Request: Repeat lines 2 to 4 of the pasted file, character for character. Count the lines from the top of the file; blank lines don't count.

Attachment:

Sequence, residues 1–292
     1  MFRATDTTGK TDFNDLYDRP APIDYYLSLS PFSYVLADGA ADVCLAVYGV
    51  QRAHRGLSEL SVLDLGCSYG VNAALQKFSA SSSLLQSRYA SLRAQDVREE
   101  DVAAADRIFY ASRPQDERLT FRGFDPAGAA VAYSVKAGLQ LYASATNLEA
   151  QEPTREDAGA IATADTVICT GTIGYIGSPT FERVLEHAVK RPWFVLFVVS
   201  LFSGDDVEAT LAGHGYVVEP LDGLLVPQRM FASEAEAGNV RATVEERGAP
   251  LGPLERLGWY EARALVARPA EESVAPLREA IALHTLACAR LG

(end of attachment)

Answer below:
     1  MFRATDTTGK TDFNDLYDRP APIDYYLSLS PFSYVLADGA ADVCLAVYGV
    51  QRAHRGLSEL SVLDLGCSYG VNAALQKFSA SSSLLQSRYA SLRAQDVREE
   101  DVAAADRIFY ASRPQDERLT FRGFDPAGAA VAYSVKAGLQ LYASATNLEA